Results of a population-based epidemiological study organized by Malak Hamdan and Chris Busby were published in the International Journal of Environmental Studies and Public Health (IJERPH) based in Basle, Switzerland. They show increases in cancer, leukemia and infant mortality and perturbations of the normal human population birth sex ratio significantly greater than those reported for the survivors of the A-Bombs at Hiroshima and Nagasaki in 1945.
Results of a survey in Jan/Feb 2010 of 711 houses and more than 4000 individuals in Fallujah show that in the five years following the 2004 attacks by USA-led forces there has been a four-fold increase in all cancer. Interestingly, the spectrum of cancer is similar to that in the Hiroshima survivors who were exposed to ionizing radiation from the bomb and uranium in the fallout. By comparing the sample population rates to the cancer rates in Egypt and Jordan, researchers found there has been a 38-fold increase in leukemia (20 cases), almost a 10-fold increase in female breast cancer (12 cases), and significant increases in lymphoma and brain tumors in adults.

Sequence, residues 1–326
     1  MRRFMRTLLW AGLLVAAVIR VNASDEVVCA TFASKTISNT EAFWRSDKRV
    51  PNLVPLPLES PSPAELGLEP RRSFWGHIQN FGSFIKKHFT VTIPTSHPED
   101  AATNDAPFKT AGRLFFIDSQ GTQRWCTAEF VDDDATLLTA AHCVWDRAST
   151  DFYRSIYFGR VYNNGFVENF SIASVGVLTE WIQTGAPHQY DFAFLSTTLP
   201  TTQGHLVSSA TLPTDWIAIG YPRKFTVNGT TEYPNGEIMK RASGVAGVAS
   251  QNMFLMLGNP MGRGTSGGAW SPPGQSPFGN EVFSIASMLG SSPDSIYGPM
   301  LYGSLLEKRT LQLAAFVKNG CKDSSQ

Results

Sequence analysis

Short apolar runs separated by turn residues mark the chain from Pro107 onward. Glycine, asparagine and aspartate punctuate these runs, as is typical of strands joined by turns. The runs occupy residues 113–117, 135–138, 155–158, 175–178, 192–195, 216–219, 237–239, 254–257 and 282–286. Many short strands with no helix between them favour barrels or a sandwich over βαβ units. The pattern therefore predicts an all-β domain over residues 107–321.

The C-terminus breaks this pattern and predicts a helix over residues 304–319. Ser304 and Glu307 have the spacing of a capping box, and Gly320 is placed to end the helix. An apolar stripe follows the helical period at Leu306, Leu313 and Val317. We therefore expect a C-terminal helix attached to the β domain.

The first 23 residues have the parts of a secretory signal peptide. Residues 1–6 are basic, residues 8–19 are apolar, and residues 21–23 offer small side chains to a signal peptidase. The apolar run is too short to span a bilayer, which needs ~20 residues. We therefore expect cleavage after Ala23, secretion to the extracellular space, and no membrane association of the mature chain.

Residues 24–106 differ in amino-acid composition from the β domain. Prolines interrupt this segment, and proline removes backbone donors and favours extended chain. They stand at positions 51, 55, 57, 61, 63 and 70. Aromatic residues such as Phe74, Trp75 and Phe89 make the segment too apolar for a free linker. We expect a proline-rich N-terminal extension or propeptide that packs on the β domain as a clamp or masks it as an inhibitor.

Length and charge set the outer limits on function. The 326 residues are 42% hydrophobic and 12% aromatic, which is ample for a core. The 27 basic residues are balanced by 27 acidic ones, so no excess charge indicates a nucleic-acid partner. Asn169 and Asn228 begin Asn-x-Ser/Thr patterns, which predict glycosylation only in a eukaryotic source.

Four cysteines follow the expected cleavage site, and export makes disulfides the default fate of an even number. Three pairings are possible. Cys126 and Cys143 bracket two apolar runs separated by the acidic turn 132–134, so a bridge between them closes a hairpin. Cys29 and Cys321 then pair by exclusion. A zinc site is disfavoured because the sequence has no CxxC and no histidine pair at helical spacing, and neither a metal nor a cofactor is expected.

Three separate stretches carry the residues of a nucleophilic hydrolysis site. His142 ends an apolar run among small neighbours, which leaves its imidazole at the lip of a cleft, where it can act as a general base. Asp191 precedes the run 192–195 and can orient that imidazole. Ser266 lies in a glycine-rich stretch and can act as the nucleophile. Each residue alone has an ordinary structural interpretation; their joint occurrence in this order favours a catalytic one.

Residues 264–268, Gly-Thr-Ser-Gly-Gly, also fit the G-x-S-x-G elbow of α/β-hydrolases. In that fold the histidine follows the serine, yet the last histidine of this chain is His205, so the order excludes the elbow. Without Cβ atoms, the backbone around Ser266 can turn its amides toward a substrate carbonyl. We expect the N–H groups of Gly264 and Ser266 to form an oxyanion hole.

Based on 16 cases in the 5-year period, the 12-fold increases in childhood cancer in those aged 0-14 were particularly marked. The cancer and leukemia increases were all in younger people than would normally be expected. Infant mortality was found to be 80 per 1000 births which compares with a value of 19 in Egypt, 17 in Jordan and 9.7 in Kuwait. An important result is that the sex-ratio, which in normal populations is always 1050 boys born per 1000 girls was seriously reduced in the group born immediately after 2005, one year after the conflict: in this group the sex ratio was 860.
Birth sex ratio is a well known indicator of genetic damage, the reduction in boy births being due to the fact that girls have a redundant X-chromosome and can therefore afford to lose one through genetic damage; boys do not. Sex ratio was similarly reduced in the Hiroshima survivors' children. "This is an extraordinary and alarming result," said Dr Busby, who is visiting professor in the University of Ulster and Scientific Director of Green Audit, an independent environmental research organization. He added: "To produce an effect like this, some very major mutagenic exposure must have occurred in 2004 when the attacks happened. We need urgently to find out what the agent was. Although many suspect uranium, we cannot be certain without further research and independent analysis of samples from the area." Malak Hamdan, who organized the project said: "I am so glad that we have been able to obtain proper scientific confirmation of all the anecdotal evidence of cancer and congenital birth defects. Maybe now the international community will wake up."
Chris Busby, Malak Hamdan and Entesar Ariabi; Cancer, Infant Mortality and Birth Sex-Ratio in Fallujah, Iraq 2005–2009 Int. J. Environ. Res. Public Health 2010.